Table of Contents

Android Packaging

22 Feb 2022

This document explains how to compile Hop for Android devices and how to package it in an apk file. We also show how to build an Hop application that runs inside an HTML container on the devices.


Developping for the Android platform is hard. It requires skills, practices, and experience. Debugging is generally difficult, error messages and exception handling is rudimentary, and development cycle slow. Hop tries it best to simplify the process but it cannot hide all the complexity of the Android environment. At the very least, you will have to understand how to create your own application manifest and how to customize the application layout.

Only a tiny subset of Android features are currently available in Hop. These are documented in this page. The Hop Scheme layer is generally more advanced because bindings are first created for Scheme and then ported to JavaScript.


The development method used by Hop requires the devices to be in developper mode.

Complete Android sdk and ndk toolkits are needed. Check the Bigloo Android cross compilation instructions for installing the needed packages.

To build the Hop apk you will only need the following Android tools:

The Makefiles Hop are sufficient to build the package. That is, ant, cmake, or gradle or not needed.

The Android port is experimental and incomplete. The restrictions are:

In addition, you will need the Bigloo and Hop source file distributions (tarball files). In the rest, we assume that these files are stored in the your-repodir directory

Default Build

To build a full hop+bigloo stack and to produce an apk file:

$ cd arch/android
$ export REPODIR=your-repodir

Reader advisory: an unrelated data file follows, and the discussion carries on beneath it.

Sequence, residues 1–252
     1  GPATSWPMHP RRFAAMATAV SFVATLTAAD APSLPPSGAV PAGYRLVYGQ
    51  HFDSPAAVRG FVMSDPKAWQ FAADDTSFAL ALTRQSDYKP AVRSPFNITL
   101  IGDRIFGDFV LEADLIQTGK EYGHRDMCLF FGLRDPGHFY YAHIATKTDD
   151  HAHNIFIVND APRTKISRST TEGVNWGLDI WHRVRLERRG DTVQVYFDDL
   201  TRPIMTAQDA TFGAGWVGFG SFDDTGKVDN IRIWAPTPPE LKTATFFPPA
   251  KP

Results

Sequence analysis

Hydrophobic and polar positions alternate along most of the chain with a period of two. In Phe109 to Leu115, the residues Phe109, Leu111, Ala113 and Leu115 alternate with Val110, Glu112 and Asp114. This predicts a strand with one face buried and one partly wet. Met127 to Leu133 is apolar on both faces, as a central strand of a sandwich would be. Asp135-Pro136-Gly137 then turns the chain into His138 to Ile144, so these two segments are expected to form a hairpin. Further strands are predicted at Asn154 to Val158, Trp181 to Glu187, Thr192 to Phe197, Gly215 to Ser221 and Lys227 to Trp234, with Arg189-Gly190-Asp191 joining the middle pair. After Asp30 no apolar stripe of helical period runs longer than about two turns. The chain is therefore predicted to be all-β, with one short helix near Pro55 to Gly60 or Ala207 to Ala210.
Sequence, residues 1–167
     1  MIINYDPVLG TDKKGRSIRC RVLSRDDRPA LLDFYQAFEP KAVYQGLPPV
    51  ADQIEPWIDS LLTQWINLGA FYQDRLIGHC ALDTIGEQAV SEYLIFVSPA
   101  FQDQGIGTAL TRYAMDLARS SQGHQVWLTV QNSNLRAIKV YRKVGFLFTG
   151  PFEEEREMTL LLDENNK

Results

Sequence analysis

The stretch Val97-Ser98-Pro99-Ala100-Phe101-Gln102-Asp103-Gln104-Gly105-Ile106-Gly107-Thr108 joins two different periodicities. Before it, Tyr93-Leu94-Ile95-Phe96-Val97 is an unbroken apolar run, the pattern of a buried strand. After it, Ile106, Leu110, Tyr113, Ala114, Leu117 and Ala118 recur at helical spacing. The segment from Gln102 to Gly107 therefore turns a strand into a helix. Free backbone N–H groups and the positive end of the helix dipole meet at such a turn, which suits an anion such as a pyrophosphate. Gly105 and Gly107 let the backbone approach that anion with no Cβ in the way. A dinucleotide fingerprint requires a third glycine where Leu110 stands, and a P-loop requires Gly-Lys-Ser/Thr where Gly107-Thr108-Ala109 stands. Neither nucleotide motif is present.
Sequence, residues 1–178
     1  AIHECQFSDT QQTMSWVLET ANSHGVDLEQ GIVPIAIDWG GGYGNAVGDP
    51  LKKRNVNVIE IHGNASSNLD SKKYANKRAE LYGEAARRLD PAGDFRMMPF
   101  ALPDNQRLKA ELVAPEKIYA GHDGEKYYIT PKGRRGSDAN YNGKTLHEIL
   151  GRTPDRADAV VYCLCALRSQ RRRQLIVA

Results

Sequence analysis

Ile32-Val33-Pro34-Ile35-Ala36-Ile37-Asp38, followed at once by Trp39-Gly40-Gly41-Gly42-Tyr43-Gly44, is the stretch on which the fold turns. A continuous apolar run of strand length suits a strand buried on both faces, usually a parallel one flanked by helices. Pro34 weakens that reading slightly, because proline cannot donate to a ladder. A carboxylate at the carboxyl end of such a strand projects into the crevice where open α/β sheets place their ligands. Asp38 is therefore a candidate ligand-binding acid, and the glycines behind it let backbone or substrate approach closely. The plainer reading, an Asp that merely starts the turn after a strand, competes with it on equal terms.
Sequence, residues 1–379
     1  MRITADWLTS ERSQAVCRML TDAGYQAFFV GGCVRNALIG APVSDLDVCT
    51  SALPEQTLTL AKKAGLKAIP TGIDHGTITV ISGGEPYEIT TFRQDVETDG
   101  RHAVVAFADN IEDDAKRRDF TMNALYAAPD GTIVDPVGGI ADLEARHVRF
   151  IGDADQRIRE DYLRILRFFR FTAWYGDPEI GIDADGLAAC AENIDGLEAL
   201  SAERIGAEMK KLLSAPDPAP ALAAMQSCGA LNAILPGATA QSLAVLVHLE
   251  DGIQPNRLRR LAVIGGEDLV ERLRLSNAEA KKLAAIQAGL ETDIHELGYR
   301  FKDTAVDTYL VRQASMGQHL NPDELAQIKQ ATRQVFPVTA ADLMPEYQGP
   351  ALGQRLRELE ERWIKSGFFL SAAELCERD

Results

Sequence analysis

$ make apk 

The directory repodir must contain the tarball of the Bigloo version used to build and apk.

To build for debugging:

$ make apk HOPCONFIGUREOPT=--debug

This will use the android sdk and ndk pointed to by the environment variables $ANDROIDSDK and $ANDROIDNDK. The default configuration can be changed with make arguments. For intsance:

$ make apk ANDROIDNDK=/opt/android/android-ndk-r21b

The default configuration assumes a physiscal device connected to the USB bus. If an emulator is used, add the following to all make invocation:

$ make apk ANDROIDHOST=-e

If only hop needs to be reinstalled and recompiled:

$ make apk-sans-bigloo

If only hop needs to be recompiled (after a modification in the Hop build dir):

$ make apk-re-hop

If only the apk file has be to regenerated:

$ make apk-sans-hop

When preparing an apk for an old Android version (api-level < 22), static linking must be forced.

$ make ANDROIDLINK=static

For additional configuration, check arch/android/Makefile, in particular the variables ANDROIDTARGET and ANDROIDSDKVERSION that control the targetted Android version.


The standard adb Android tool tool is used to installed:

$ adb install -r hop.apk
$ adb shell monkey -p fr.inria.hop 1

To uninstall it:

$ adb uninstall fr.inria.hop

To stop it:

$ adb shell am force-stop fr.inria.hop

To run Hop in debug mode

$ adb shell am start -n fr.inria.hop/.HopLauncher -ei -g 4 -ei -v 2

To stop and restart:

$ adb shell am force-stop fr.inria.hop && adb shell am start -n fr.inria.hop/.HopLauncher -ei --g 4 --ei -v 2

To switch the screen on:

$ adb shell input keyevent KEYCODE_POWER

Building a Client Application

Building an Bundled Custom Application

In some situations, it is desirable to build a Hop application bundled with a specific Hop instance. The section explains how to construct such an apk containing a bare hop installation plus a client application. The makefile located in the arch/android is designed so that it can be used to build custom application. To add a weblet to your apk build, you just have to specify an ANDROIDWEBLET argument to the make command line that must point to the directory containing your weblet. Let us show how to build such a complete application. The 3 steps will be: